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sensual gratification. It requires no proof, that, as riches accumulate, men are generally disposed to allow a larger scope to a wanton and capricious appetite. They will spread their tables, not only with superfluous abundance, but also with increasing variety and curiosity; and sometimes to a degree of extravagance, as if they meant to emulate that luxurious prince, who, to humour his palate, would provide himself with the tongues of singing birds, and the brains of pheasants, would eat no fish when he happened to be near the sea-coast, and no flesh at a distance from it; as if he thought that fare still the best which was most scarce or costly*. I am aware that this might as well arise from vanity as from a surfeited appetite; and should any one choose to resolve it into the former, it would yet serve to illustrate our general argument. A similar progress may be observed in other cases of animal indulgence. Instead of floors of bare earth, or covered with straw or rushes-}-, we come gradually to tread on

* Lampridius in vita Heliog.

warm and elegant carpets, and to stretch ourselves on beds of down instead of strawpallets, with a log of wood for a bolster*.

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mori in.Qugen Elizabeth's time, not excepting even her presence chamber." Lord Kaimes' Sketches of the History of Man, vol. Lp. 326.—" An old tenure in England binds the vassal to find straw for the king's bed, and hay for his horses." Id. vol. ii. p. 122.

* Molingshed, who wrote in the reign of Elizabeth, has the following passage in the preface to his history. .V There are. old men yet dwelling in the village where I remain, which have noted two things to be marvellously altered in England within their sound remembrance. One is the multitude of chimnies lately erected; whereas, in their young days, there were not above two or three, if so many, in most uplandish towns of the realm. The second is, the great amendment of lodging: For, said they, our fathers, and we ourselves, have laid full oft upon straw-pallets, with a good round log under . their head instead of a bolster. If it were so that the father, or the good man of the house, had a mattress or flock bed, and thereto a sack of chaff to rest his head upon, he thought himself to be as well lodged as the lord of the town: so well were they contented. Pillows, said they, were thought meet only for women in childbed." In this last opinion they have been followed at a much later period in the northern part of this island, if we may credit the following anecdote told by Lord Kaimes: "A knot of islanders," says he, "benighted,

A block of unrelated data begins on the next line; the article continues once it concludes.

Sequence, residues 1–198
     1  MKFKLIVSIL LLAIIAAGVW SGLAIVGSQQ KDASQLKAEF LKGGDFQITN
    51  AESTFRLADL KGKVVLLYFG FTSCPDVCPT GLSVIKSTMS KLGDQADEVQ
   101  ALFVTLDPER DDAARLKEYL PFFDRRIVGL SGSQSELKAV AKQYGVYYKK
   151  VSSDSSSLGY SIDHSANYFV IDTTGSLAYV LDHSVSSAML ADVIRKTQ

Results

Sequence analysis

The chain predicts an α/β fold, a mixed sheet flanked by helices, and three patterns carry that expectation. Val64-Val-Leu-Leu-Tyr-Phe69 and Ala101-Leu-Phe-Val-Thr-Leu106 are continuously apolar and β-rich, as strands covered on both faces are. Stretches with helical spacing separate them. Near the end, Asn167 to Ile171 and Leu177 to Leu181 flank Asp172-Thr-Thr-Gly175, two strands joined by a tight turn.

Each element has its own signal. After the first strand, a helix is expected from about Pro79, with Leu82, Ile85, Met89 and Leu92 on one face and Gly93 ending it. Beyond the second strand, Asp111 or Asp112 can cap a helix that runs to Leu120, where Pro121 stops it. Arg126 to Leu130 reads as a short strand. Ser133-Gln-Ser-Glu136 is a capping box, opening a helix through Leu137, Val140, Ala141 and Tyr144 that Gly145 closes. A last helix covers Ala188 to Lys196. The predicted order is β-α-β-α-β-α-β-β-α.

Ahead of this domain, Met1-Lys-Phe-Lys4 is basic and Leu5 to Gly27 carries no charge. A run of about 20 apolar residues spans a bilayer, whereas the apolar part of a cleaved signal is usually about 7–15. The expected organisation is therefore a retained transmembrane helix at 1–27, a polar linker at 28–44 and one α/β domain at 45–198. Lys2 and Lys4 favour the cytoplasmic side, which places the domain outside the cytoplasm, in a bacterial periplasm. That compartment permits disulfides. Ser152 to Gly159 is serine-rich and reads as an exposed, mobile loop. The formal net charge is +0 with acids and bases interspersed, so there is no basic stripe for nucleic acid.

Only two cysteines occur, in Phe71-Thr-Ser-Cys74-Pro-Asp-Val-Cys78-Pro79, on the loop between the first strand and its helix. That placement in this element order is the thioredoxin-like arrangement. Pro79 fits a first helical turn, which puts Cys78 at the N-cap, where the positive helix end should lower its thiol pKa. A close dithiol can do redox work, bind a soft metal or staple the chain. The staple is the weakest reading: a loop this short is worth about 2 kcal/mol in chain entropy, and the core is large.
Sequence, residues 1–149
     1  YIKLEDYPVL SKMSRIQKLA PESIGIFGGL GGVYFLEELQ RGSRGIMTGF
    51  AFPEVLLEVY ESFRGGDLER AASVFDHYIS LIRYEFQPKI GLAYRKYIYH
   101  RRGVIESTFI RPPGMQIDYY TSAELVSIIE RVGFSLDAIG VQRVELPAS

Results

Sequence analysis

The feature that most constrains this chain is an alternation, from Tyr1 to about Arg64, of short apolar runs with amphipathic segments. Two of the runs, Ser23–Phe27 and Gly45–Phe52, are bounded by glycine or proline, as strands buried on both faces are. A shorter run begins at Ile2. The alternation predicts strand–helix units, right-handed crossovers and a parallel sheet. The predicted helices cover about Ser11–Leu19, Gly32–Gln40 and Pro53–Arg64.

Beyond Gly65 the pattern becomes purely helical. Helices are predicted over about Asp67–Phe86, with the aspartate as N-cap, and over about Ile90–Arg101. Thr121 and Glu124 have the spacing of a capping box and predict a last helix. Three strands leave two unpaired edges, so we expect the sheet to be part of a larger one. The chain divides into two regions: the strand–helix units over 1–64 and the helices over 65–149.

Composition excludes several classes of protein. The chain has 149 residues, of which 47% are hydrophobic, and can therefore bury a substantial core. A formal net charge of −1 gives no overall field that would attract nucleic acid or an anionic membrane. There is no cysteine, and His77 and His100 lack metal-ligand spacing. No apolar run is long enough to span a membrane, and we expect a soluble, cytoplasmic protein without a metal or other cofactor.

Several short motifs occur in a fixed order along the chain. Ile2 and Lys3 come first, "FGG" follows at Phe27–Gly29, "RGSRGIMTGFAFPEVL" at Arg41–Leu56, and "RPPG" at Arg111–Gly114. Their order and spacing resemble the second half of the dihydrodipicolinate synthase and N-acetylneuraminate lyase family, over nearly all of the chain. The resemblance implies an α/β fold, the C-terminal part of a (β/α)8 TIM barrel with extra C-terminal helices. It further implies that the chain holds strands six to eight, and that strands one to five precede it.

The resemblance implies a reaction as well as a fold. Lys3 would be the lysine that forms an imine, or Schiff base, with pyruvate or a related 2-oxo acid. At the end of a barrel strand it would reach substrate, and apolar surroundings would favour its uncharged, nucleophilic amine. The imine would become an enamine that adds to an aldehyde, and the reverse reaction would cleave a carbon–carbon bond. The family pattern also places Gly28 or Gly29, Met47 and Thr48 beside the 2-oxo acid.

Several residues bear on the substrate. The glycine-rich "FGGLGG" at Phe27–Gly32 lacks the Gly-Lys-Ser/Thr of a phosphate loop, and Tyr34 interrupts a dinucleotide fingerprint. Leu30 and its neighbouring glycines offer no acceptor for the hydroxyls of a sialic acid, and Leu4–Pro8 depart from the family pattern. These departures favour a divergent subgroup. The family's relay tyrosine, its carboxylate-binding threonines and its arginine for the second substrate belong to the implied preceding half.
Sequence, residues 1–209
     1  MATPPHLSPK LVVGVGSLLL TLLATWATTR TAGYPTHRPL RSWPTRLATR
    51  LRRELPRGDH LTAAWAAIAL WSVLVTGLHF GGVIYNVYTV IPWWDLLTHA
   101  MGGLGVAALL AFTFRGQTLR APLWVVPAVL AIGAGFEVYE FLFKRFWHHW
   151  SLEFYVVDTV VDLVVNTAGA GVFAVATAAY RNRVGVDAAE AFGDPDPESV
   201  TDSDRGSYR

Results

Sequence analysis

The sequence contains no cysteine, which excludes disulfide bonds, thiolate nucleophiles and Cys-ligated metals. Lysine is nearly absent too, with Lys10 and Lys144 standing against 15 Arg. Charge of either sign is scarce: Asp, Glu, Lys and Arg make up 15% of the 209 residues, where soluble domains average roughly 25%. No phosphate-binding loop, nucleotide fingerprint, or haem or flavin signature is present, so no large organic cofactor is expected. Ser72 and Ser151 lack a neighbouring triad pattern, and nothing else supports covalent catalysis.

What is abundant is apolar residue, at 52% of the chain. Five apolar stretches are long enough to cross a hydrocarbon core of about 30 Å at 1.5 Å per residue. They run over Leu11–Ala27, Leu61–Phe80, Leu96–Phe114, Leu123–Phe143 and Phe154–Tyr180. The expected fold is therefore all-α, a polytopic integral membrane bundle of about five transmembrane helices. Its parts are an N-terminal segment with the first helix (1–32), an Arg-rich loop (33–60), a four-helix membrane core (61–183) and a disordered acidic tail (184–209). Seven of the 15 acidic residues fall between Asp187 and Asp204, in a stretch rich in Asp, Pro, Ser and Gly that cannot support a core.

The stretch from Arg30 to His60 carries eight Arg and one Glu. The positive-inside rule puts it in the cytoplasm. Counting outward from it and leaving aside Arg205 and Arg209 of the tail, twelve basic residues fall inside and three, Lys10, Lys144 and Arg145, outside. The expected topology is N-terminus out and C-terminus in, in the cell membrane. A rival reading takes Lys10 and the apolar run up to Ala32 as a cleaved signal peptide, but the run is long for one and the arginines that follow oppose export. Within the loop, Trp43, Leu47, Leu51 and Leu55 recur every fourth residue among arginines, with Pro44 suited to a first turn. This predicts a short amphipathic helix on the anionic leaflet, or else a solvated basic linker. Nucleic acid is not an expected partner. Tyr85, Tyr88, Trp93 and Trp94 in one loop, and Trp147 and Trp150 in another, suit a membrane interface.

Instances of grosser and more licentious indulgence I forbear to specify; as I have no mind to paint out scenes of low debauchery, to trace the haunts of lewdness and prostitution, or to dwell on -evils, which, in the present circumstances of the world, are, I fear, more to be lamented than remedied. , , .;

All these effects are much heightened bycompetition, in that state of society now under review; in which the opulent part of a nation is supposed to bear a considerable proportion to the whole. In this case, one rich citizen will vie with another in every form of ostentatious splendour and luxurious gratification.

Further: When a state is arrived at this point of wealth and refinement, its rich and pampered citizens will lay out for foreign

th e snow to sleep. A young gentleman, making up a ball of snow, used it for a pillow. His father (Sir Evan' Cameron) striking away the ball with his'foot. What* Sir, said he, are you turning effeminate?" TW$» indeed, is carrying the doctrine of indulgence to a point of rigour that would scarce be required in the hospice of

luxuries. After they have exhausted their own country, they will look to remote climes for fresh accessions; men-singers and women-singers will be imported to delight the ear; and every delicacy of land.and water will be procured to regale the palate; and earth and sea be ransacked to obtain some new indulgence to their pride or pleasure. How far all this may contribute even to their present enjoyment is extremely dubious; and no one will suppose that "it can be of use to improve their virtue. .” (II.) H we turn our view to the effects of wealth on the lower orders of society, we shall find them correspondent to those we have now described. " . . . . . . * * * ... l. As wealth, creates new wants, more labour will be required to satisfy them, and its rewards will be proportionable to the démarid. Many trades and handicrafts will be promoted, which in other circumstances would languish; or have no existence. And so far as this goés to furnish employment to such as before had none, or none sufficient for their subsistence; or to enable a sober style of living, or, with less anxiety, to live in the same style to which he had been accustomed; and, in addition to this, to lay up something against future contingencies; no man, who is not of more than ordinary severity, will consider such a result as either morally or politically injurious. . . ... . .

2. Other effects in this advanced stage

of society are less favourable. Many who are raised above their former mediocrity, or that condition of life in which they lived comfortably with moderate labour, will find it to their manifest detriment; as hereby they will be tempted, either to waste a part of their time in idle indulgence, (which is the case of many of our artizans at present, who in four days can earn the reward of six) or to raise their stated mode of living beyond what they are able to support. And these evils, will be increased by the contagious example of those above them; for though luxury begins, it will not long be confined among the higher orders; from the first it will descend to the second, till at length it reaches the labouring classes.

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